One of my best friends taught me something a long time ago - the beauty and importance of receiving a compliment well. I remember being in a meeting and our coworker said, “I absolutely love that outfit. You look great!” and her smiling and simply saying, “Thank you!” I know that seems like such a small thing - a non-story - but I was floored. I remember looking at her and thinking all the things I would have said - I would have deflected or self-deprecated or talked about how inexpensive my shirt was, anything to keep someone from focusing more attention on me. But I noticed that, in the moments after that small exchange, the mood was positive and friendly and respectful, and I realized what a valuable lesson it had been - just saying “thank you!” seals that interaction between you and the complimenter as a positive, encouraging moment.

I have a theory that, those of us who make the best Right Hands would much prefer to go unnoticed or be behind-the-scenes than be center stage. This says a lot about our personality as a whole, but if this is you, this may mean that you have trouble with compliments. I know, for me, it’s because I deflect attention like teflon. If someone says to me, “You look nice today!,” my first instinct is to say “Ugh, I feel gross - I didn’t shower this morning.” I hate people looking at me, and would rather blend in than stand out. Unfortunately, what I've learned is that this reaction can actually read in a few (unwanted) ways; instead of a shield, it becomes a spotlight.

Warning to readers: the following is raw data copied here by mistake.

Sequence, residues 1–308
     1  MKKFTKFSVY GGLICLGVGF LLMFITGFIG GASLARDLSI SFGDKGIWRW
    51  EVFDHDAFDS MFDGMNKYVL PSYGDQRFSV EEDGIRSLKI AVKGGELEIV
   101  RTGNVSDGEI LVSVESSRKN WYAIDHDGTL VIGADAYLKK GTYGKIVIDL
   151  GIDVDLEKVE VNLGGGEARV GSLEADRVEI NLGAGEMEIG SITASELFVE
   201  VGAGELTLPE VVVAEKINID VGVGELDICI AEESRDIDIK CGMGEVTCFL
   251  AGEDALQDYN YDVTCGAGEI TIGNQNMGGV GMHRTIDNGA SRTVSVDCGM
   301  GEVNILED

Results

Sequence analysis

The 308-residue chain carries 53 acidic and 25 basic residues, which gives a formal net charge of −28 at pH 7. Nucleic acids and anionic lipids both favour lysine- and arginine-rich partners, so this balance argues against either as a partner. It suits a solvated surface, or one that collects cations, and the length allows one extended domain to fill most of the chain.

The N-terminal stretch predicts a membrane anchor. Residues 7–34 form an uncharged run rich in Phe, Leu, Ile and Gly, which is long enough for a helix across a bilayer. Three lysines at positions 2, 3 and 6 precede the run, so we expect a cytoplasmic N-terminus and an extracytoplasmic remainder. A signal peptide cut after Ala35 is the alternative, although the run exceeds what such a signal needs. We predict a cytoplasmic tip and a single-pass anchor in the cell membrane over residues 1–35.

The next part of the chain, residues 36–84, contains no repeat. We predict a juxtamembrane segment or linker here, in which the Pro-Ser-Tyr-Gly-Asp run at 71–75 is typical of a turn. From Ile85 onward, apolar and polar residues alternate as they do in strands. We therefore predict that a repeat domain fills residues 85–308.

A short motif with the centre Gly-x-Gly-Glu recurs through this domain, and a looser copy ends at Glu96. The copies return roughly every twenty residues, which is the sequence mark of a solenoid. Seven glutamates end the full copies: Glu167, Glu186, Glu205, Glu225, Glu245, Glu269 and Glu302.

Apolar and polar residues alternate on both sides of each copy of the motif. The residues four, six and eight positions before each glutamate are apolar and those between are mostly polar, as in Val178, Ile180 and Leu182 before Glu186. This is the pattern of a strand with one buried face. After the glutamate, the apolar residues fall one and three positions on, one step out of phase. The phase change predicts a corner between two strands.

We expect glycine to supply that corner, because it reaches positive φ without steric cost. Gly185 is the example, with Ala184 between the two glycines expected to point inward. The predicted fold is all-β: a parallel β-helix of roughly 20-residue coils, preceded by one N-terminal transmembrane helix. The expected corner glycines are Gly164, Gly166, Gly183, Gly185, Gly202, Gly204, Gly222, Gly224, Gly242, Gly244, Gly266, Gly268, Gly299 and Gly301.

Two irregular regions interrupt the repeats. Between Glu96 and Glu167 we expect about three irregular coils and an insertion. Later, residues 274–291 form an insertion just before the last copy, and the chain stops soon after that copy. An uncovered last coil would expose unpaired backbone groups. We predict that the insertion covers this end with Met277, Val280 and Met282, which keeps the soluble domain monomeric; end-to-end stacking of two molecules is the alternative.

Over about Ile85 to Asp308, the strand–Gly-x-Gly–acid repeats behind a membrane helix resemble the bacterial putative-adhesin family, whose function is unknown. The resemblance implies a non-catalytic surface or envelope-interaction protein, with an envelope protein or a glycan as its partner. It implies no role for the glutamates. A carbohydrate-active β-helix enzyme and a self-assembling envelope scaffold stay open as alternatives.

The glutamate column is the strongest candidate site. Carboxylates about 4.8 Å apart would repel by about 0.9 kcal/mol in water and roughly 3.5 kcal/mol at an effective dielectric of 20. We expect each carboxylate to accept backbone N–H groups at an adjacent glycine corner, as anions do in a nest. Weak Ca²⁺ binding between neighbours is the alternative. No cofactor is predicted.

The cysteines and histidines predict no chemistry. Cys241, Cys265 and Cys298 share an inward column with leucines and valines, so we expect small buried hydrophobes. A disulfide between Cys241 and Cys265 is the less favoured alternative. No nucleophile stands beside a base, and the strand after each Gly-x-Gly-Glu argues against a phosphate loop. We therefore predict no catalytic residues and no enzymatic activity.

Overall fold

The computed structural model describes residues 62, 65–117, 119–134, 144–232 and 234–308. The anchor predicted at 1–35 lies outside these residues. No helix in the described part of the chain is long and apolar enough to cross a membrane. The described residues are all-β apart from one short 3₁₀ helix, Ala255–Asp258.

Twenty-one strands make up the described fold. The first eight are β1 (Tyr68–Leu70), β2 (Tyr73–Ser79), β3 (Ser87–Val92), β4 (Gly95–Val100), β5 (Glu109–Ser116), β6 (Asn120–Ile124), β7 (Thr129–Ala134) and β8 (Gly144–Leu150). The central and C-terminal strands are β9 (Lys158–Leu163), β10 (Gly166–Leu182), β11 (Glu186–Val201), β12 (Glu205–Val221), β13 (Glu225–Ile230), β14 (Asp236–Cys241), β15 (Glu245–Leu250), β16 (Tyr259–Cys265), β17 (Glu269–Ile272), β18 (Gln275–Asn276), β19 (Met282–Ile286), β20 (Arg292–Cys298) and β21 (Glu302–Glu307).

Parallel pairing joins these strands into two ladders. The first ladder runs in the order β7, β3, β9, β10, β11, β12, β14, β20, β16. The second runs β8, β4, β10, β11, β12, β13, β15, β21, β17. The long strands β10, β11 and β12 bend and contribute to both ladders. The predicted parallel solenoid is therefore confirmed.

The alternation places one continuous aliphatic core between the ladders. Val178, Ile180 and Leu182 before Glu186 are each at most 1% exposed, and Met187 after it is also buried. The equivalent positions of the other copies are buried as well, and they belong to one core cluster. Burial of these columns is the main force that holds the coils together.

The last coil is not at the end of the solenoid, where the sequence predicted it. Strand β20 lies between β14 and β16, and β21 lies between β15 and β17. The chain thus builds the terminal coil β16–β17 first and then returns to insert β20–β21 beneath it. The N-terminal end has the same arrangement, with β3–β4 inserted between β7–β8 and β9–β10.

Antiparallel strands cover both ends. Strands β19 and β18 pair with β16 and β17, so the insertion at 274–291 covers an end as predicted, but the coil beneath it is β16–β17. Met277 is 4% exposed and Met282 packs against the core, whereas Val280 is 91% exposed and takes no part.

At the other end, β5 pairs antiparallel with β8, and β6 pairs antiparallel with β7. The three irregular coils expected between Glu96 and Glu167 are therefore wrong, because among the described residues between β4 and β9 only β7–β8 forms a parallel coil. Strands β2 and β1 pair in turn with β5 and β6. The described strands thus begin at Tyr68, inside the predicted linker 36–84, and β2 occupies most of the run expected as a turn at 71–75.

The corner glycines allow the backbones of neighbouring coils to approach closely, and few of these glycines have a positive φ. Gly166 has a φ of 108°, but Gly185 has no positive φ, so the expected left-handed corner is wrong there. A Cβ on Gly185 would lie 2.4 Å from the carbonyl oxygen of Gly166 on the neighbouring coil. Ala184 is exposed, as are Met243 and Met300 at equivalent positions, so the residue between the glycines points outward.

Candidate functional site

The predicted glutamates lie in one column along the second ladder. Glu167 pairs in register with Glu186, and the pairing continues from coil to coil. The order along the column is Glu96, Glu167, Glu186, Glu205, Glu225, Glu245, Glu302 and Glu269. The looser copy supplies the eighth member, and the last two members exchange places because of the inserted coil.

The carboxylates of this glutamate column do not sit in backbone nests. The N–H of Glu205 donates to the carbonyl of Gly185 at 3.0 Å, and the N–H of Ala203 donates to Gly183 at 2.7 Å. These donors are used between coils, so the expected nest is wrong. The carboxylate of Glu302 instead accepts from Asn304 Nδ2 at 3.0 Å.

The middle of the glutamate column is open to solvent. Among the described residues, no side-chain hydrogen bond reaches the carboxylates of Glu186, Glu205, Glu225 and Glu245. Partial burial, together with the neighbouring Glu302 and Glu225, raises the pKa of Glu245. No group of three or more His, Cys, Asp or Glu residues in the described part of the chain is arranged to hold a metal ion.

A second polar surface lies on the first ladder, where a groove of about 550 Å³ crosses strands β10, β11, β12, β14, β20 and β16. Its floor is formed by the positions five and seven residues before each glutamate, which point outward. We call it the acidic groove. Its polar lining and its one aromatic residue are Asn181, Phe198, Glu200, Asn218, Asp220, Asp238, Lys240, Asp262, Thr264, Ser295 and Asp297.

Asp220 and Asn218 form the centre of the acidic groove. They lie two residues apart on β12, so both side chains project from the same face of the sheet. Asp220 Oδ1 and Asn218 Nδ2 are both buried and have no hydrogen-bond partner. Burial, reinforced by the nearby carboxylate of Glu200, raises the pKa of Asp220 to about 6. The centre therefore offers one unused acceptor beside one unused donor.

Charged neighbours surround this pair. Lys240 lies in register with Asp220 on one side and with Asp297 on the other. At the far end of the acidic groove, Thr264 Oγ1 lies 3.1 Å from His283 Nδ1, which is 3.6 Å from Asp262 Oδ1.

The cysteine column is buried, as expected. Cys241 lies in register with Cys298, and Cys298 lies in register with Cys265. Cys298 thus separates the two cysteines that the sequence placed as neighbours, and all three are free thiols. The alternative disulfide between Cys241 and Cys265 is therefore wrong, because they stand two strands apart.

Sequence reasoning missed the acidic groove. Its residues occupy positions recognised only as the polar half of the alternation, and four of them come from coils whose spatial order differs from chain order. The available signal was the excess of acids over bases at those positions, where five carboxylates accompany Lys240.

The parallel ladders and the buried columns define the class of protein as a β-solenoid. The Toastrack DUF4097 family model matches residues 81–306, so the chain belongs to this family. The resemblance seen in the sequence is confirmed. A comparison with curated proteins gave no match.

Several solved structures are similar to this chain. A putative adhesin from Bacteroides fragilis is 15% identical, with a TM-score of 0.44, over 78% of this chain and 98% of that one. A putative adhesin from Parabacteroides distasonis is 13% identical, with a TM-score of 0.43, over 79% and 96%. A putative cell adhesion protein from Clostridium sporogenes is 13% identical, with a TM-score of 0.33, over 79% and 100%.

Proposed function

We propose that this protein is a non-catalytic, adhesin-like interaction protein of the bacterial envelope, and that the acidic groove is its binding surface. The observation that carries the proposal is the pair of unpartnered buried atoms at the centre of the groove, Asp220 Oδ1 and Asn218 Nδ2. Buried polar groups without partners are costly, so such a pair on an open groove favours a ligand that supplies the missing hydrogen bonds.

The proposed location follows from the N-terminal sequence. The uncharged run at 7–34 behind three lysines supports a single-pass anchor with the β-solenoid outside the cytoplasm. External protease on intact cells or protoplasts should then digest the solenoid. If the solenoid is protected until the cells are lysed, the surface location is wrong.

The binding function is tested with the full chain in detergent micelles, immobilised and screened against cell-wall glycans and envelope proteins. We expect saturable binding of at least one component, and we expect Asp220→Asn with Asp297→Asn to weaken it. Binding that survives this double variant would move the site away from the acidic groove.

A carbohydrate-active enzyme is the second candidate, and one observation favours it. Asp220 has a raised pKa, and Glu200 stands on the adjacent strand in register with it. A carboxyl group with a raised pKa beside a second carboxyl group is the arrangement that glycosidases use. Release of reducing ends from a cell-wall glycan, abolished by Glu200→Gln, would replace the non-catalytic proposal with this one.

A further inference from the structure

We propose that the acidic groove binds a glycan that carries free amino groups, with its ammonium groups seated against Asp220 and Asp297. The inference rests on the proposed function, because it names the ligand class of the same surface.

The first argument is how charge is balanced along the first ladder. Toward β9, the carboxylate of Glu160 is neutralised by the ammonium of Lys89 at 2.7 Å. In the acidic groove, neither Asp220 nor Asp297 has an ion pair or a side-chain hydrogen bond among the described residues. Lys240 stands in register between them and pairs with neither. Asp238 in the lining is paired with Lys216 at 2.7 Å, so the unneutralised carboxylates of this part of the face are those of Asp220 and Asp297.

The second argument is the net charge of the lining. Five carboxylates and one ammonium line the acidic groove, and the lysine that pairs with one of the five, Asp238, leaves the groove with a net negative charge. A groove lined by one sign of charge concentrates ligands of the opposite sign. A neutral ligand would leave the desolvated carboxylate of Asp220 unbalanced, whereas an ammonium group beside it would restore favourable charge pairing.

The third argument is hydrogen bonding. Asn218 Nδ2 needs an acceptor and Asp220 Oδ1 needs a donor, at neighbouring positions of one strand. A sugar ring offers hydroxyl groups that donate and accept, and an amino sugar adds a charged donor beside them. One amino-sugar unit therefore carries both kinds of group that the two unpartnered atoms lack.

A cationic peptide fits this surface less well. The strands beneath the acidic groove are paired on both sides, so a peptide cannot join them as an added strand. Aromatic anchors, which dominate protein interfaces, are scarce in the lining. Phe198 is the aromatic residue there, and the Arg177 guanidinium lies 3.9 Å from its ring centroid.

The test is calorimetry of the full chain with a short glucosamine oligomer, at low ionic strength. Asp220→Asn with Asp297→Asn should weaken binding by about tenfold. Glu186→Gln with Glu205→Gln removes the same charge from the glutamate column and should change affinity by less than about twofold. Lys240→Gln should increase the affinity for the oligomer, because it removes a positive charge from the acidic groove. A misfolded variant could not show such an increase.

1. Aloofness - I know it sounds strange, because this *may* not be how you are feeling, but quick deflection of compliments may read as “Your words mean nothing and I am above that."

  2. Inauthenticity - One of the things I hear a lot of women do after receiving a compliment is to return it - "You're amazing!" returned as "No, YOU'RE amazing!" This deflection may seem fun and goofy in the moment (and in some circles of close friends, certainly can be) but has little to back it up when you're simply parroting what you just heard.

  3. Powerlessness - When someone thanks you or points out your job well done, and you deflect it - either putting it on a team member, or giving credit to your surroundings or partner, you're handing that power over to someone else. Instead of bringing others into that positive moment, you have minimized your contribution and what you brought to the task. 

Next time someone offers you a compliment, just say "thank you." It. Will. Feel. Weird. I know. But power through it, and the next time you do it, it will be easier. It may not feel less weird, but it will be easier. Note the responses you get - I promise they will surprise you.

Beth Dekker